The prognoses of research institutes come to different results:
Assuming that the probabilities of long-term care and the staffing needs for those in need of care remain unchanged and only depend on demographic developments, demographic change alone could lead to the need for full-time care workers (both skilled workers and care assistants) by around 27 percent by 2025 compared to 2005 increases. If the employment structure is constantly updated, this could lead to a gap in trained nursing staff of around 200,000 nursing staff in 2025.
If, on the other hand, the likelihood of long-term care shifts to a later age with increasing life expectancy, the need for full-time caregivers could increase by around 20 percent by 2025. In this case, a significantly smaller gap of around 140,000 nursing staff would be expected.
A study by the Bertelsmann Foundation (2012) shows the importance of using different types of care: Assuming unchanged probabilities of care cases, an increasing rate of care in the outpatient sector and a stabilization of care for relatives can almost halve the supply gap.
In a prognosis for the year 2050, the DIW (2012) comes to the conclusion that with an increased attractiveness of the nursing profession and an increase in the number of economically active persons through immigration, the supply of nursing staff could increase from 510,000 to 930,000. A gap in demand could thus be significantly reduced or, assuming a reduced probability of long-term care cases, be avoided entirely.
A study carried out by Prognos AG (2012) for the Association of Bavarian Economy, which quantifies the different contribution margins of economic policy measures, comes to the conclusion that an increased attractiveness of the nursing profession and increased retraining of nursing assistants make a major contribution to avoiding a labor shortage can.
According to the analysis carried out by the Federal Statistical Office and the Federal Institute for Vocational Education and Training, making professions more flexible is of great importance: If unskilled and semi-skilled nurses are also taken into account, there could be a shortage of 110,000 nurses in 2025 with an unchanged probability of nursing care or around 60,000 with a reduced probability of long-term care.
Additional carers noticeably improve everyday care. Both those in need of care and the skilled workers are supported. This is also confirmed by a study carried out on behalf of the Federal Ministry of Health in 2015. The employees in the care facilities stated that the care offers had a positive effect on the vast majority of the home residents, for example in the form of greater satisfaction, a better mood or a reduction in inner restlessness.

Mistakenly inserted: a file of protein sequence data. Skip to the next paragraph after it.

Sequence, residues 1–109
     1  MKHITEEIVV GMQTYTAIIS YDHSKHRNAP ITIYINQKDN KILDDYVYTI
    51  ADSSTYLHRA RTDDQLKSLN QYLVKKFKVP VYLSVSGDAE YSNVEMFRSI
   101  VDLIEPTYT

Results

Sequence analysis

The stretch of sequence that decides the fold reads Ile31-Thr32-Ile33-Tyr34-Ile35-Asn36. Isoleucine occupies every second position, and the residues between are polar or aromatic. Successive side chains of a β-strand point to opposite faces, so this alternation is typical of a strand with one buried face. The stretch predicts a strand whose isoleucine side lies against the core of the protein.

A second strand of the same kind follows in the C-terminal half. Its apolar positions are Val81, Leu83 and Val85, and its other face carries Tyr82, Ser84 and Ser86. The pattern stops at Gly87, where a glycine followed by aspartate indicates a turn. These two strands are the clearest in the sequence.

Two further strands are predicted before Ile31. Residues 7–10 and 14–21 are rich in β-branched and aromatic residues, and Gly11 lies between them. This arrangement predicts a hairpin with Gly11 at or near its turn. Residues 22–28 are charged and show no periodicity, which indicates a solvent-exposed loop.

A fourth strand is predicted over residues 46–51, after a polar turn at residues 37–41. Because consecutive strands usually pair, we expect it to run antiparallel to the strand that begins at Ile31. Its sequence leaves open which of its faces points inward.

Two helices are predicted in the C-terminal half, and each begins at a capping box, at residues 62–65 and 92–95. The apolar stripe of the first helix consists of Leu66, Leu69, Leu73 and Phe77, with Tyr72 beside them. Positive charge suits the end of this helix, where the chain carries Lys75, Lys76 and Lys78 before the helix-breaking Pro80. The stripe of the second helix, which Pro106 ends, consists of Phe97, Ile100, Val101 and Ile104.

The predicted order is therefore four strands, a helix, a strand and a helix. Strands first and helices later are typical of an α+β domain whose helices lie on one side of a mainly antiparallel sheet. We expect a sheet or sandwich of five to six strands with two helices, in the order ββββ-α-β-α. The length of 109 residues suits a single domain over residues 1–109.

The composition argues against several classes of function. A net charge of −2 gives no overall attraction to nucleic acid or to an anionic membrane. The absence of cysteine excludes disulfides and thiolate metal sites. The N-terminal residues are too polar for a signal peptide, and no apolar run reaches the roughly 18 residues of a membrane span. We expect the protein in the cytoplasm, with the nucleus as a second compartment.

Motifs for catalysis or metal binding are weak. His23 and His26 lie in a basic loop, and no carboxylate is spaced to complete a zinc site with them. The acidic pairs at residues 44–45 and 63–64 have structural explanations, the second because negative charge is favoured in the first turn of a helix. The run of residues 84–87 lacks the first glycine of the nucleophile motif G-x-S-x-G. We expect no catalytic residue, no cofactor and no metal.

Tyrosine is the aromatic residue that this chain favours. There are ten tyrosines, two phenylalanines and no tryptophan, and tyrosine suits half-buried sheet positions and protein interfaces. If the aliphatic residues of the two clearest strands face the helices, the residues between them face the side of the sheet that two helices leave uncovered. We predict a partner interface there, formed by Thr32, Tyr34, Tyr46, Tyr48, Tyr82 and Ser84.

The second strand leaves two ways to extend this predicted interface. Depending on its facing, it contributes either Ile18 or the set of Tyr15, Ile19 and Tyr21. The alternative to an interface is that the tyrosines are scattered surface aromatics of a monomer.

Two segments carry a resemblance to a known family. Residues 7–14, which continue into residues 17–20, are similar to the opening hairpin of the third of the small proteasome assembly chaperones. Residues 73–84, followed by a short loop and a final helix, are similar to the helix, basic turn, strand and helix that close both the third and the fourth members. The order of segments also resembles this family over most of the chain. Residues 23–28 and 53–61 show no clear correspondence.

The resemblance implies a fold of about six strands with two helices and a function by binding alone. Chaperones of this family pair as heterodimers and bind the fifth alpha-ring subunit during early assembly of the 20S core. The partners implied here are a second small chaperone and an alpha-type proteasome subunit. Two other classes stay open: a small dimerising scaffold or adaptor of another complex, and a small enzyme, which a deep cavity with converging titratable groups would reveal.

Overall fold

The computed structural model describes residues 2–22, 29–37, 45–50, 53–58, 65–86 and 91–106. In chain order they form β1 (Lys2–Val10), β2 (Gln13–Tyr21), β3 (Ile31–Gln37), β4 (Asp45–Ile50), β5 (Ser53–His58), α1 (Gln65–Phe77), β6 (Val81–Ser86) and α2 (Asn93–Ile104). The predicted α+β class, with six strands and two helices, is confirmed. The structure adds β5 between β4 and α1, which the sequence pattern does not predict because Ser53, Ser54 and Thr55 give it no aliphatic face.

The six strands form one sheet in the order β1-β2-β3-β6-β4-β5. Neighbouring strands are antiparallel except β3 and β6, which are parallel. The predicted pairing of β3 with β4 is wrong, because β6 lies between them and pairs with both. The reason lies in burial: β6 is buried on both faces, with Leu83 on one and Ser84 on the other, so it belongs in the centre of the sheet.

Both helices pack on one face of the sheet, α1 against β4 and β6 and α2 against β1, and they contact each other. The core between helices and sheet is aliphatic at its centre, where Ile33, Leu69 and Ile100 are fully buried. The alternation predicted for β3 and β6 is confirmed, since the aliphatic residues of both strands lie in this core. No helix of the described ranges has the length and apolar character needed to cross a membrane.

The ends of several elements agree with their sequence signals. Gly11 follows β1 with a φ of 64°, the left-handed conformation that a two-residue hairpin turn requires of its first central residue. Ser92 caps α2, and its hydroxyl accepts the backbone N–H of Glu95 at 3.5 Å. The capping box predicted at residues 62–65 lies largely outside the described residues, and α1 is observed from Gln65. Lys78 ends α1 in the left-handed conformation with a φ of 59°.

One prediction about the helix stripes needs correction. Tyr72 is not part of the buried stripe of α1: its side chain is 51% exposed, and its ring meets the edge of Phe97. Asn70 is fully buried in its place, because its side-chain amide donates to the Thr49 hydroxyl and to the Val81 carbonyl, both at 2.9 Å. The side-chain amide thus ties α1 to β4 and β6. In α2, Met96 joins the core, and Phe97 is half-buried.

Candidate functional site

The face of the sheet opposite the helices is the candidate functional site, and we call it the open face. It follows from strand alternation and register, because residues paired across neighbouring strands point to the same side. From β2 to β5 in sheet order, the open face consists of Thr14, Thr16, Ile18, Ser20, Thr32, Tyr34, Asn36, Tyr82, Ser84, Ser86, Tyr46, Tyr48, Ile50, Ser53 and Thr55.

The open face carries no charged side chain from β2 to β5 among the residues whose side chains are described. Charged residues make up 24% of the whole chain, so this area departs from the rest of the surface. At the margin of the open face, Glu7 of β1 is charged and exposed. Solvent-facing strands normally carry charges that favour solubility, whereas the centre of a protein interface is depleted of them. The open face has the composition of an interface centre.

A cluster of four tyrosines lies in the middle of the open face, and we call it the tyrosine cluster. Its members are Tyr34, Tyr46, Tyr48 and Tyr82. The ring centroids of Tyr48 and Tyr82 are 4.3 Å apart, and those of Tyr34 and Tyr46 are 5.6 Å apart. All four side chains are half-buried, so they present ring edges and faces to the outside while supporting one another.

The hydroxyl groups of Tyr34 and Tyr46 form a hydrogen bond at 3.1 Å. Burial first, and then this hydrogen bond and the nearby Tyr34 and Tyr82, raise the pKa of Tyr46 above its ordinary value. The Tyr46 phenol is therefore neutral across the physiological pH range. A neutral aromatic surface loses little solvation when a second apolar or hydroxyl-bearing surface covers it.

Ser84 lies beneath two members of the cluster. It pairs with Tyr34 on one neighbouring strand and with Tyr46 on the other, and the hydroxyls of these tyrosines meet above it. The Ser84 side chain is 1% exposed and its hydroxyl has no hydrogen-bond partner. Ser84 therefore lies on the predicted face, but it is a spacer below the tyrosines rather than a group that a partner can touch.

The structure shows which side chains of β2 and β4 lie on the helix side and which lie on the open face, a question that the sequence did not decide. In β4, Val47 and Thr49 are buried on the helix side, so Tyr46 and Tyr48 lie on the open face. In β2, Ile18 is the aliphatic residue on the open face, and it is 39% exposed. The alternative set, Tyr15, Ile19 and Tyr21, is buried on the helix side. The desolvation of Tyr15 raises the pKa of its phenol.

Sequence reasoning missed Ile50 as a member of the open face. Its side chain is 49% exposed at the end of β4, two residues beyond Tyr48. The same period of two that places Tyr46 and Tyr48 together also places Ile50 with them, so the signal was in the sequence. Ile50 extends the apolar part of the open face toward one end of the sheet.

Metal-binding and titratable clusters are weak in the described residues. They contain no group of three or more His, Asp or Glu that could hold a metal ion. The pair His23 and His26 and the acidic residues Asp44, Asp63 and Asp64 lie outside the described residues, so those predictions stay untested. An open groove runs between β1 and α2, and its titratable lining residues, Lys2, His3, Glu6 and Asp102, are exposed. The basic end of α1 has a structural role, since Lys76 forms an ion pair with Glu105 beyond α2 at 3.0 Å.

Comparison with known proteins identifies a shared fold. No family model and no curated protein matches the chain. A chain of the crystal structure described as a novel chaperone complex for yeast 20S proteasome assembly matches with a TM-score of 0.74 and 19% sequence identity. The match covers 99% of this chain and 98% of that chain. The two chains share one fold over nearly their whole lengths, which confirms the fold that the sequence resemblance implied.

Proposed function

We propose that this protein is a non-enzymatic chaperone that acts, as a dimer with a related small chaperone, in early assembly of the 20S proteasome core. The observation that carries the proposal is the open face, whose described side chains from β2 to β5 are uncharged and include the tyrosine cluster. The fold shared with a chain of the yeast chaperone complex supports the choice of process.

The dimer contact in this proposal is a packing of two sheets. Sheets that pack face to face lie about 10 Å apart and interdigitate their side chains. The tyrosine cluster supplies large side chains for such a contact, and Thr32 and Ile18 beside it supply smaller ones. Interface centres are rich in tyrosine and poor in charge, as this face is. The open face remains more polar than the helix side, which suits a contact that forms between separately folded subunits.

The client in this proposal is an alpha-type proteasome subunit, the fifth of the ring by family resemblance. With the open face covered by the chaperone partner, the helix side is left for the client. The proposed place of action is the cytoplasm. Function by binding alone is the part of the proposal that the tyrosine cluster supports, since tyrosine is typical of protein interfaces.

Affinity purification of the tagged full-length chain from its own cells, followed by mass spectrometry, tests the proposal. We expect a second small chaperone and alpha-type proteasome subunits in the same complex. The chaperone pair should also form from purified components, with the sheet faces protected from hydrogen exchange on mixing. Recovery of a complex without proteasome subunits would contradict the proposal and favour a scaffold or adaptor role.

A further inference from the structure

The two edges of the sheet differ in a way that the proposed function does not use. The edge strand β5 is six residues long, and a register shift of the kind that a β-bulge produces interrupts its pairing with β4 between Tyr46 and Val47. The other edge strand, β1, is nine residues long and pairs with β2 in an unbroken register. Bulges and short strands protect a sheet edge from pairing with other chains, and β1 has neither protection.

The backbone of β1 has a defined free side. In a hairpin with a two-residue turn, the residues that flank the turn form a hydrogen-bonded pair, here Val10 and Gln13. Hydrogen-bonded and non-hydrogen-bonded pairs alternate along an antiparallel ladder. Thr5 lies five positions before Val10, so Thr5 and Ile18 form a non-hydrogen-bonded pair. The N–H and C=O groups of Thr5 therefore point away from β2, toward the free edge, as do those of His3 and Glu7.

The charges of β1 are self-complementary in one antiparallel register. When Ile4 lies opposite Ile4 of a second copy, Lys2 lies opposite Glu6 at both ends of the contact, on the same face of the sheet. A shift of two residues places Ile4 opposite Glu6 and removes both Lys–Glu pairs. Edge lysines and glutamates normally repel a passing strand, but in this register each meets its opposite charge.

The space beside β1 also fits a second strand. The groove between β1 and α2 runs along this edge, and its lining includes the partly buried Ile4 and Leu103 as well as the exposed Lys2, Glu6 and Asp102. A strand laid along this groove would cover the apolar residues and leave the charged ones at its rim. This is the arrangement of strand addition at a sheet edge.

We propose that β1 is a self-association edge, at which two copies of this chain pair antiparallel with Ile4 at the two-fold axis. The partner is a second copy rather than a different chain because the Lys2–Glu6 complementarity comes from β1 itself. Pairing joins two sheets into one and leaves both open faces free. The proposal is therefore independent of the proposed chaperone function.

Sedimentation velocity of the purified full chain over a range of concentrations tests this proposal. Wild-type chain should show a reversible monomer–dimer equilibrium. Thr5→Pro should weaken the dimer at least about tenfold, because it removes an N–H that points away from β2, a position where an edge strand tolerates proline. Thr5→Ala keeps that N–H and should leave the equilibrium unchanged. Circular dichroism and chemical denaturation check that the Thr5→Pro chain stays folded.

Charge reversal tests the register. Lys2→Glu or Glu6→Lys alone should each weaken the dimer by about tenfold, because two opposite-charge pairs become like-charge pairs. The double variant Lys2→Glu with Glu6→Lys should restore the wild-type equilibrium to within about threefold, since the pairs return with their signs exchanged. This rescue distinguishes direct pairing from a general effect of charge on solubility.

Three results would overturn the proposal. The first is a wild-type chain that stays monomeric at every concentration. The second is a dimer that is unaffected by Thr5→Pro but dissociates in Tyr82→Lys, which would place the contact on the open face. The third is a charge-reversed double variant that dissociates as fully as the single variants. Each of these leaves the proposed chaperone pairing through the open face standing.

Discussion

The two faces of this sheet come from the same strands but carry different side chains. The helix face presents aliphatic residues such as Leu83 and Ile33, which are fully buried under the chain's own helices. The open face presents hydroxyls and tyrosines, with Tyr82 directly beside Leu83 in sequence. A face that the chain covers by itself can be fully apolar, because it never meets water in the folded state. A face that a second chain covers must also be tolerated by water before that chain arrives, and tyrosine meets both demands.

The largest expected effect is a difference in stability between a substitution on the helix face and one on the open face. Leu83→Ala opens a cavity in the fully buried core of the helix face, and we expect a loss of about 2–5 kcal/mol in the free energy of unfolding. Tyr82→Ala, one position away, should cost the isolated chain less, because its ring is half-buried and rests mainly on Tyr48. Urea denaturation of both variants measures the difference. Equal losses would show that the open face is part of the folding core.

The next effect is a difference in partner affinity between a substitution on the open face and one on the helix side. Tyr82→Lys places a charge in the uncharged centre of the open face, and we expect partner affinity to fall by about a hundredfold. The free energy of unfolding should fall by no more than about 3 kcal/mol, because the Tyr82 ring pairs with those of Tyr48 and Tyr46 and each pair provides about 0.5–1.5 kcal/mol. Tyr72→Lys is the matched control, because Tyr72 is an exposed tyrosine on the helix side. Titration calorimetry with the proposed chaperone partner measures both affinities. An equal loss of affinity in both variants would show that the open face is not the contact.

The Nursing Strengthening Acts have made it possible for more than 60,000 women and men in inpatient care to work as additional caregivers to improve day-to-day care. This results from the current development of expenditure. In 2013 there were only around 28,000 additional carers.
The contracting parties at the federal level will develop and test a scientifically sound method by June 30, 2020 to measure the personnel requirements in outpatient and inpatient care facilities on the basis of the average care expenditure for professionally appropriate care measures and for help with housekeeping (Section 113c SGB XI). The procedure not only takes into account the understanding of care and support on the basis of the concept of long-term care that has been in force since January 1, 2017, but also the qualification requirements. Concrete benchmarks for a technically sound staffing of the care facilities can be derived from the personnel assessment procedure.
The nursing training, which was previously regulated separately in the Geriatric Care Act and the Nursing Act, has been merged in the Act to Reform the Nursing Professions. This creates the prerequisites for modern nursing training, which prepares nurses better for the changed challenges in professional practice and opens up new career and career opportunities.
The Nursing Professions Act has been in force in parts since July 2017. It creates the basis for being able to present the training and examination regulations in good time before the start of the new training. The first year of training is to begin in 2020. Nursing schools and training institutions thus have enough time to adjust to the new training.
The nursing assistant training can be credited towards the training to become a nurse.
The individual regulations can be found in the glossary article.
The care documentation is necessary for the care process and internal quality management in the facilities and also serves to ensure the quality of care for those in need of care. As part of one of the BMG